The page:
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Carnap's Construction of the World
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  • 2 b/w illus.
  • Page extent: 256 pages
  • Size: 228 x 152 mm
  • Weight: 0.55 kg

Library of Congress

  • Dewey number: 121
  • Dewey version: 21
  • LC Classification: B945.C163 L6336 1998
  • LC Subject headings:
    • Carnap, Rudolf,--1891-1970.--Logische Aufbau der Welt
    • Knowledge, Theory of--History--20th century
    • Logical positivism--History--20th century

Library of Congress Record

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 (ISBN-13: 9780521430081 | ISBN-10: 0521430089)

Manufactured on demand: supplied direct from the printer

$103.00 (C)

This book is a major contribution to the history of analytic philosophy in general and logical positivism in particular. It provides the first detailed and comprehensive study of Rudolf Carnap, one of the most influential figures in twentieth-century philosophy. This book fills a significant gap in the literature on the history of twentieth-century philosophy, and will be of particular importance to historians of analytic philosophy, philosophers of science, and historians of science.


Acknowledgements; Introduction; 1. Reconstructing the Aufbau; 2. The problem of objectivity: an overview of Carnap's constitutional project; 3. An outline of the constitutional projects for objectivity; 4. The background to early Carnap: themes from Kant; 5. The fundamentals of neo-Kantian epistemology; 6. Carnap's neo-Kantian origins: Der Raum; 7. Critical conventionalism; 8. Epistemology between logic and science: the essential tension; 9. After objectivity: logical empiricism as philosophy of science; Bibliography; Index.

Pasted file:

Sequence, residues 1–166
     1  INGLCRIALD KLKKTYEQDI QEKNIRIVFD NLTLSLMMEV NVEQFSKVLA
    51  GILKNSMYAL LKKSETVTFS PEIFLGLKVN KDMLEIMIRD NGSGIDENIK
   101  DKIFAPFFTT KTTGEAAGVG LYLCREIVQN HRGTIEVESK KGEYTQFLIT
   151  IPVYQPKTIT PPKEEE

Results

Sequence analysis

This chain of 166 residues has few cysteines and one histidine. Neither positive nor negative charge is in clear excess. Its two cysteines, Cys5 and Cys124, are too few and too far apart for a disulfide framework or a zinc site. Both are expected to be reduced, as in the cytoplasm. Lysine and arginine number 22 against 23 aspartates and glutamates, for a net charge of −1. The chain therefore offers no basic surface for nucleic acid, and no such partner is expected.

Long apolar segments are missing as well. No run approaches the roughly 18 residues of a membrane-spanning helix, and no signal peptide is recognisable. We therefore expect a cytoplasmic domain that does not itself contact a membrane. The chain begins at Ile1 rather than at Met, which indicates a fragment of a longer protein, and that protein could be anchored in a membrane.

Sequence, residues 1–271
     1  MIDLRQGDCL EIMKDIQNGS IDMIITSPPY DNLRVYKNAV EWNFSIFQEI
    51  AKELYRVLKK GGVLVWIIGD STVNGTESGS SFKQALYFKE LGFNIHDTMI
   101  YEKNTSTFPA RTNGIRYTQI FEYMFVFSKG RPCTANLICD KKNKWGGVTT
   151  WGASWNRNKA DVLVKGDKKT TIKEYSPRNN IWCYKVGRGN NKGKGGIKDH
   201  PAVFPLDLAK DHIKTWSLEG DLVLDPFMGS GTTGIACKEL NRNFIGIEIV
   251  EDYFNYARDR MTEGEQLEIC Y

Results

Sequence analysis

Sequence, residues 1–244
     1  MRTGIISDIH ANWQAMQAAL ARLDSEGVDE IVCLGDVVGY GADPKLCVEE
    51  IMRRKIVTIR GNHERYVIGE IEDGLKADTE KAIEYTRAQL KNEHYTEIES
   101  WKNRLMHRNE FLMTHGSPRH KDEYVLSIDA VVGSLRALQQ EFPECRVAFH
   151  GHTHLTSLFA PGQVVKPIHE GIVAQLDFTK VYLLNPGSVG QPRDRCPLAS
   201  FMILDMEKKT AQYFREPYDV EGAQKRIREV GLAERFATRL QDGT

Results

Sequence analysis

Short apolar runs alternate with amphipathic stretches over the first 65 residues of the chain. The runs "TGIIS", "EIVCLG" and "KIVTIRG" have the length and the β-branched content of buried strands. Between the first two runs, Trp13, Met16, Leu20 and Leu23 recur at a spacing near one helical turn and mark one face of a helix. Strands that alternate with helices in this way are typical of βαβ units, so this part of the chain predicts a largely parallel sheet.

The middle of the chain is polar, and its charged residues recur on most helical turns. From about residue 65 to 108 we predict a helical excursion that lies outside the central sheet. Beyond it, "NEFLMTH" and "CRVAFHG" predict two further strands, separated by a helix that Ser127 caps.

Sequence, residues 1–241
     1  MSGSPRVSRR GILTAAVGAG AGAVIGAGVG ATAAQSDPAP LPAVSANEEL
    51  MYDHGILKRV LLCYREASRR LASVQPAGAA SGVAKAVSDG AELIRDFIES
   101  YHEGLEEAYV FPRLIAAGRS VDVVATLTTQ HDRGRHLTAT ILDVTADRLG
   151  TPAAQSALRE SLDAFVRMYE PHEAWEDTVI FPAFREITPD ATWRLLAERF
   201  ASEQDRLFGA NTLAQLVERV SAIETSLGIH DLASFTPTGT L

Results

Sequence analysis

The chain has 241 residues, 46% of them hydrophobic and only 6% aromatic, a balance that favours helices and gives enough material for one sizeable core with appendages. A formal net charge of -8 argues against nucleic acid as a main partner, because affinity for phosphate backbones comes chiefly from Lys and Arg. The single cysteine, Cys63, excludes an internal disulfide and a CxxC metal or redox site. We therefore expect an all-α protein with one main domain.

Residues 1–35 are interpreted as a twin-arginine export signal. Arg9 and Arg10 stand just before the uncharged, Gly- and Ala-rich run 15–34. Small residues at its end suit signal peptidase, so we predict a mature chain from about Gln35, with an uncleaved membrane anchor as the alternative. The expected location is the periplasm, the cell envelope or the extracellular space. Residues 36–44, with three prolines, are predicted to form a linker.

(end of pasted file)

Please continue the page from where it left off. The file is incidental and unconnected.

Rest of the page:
" intensive examination of virtually all of Carnap's earlier writings....I believe that the book will therefore be indispensable for all future work on Carnap." Michael Friedman, author of Kant and the Exact Sciences

"Richardson presents a clearly written, carefully researched and well-argued interpretation of Rudolf Carnap's struggle to move beyond the neo-Kantian epistemology in which he was trained." Charles E. Kielkopf, Mathematical Reviews

"Richardson's book is rich in telling detail that will no doubt be debated in scholarly articles...It is an added bonus that Richardson provides good reasons for optimism." The Philosophical Review

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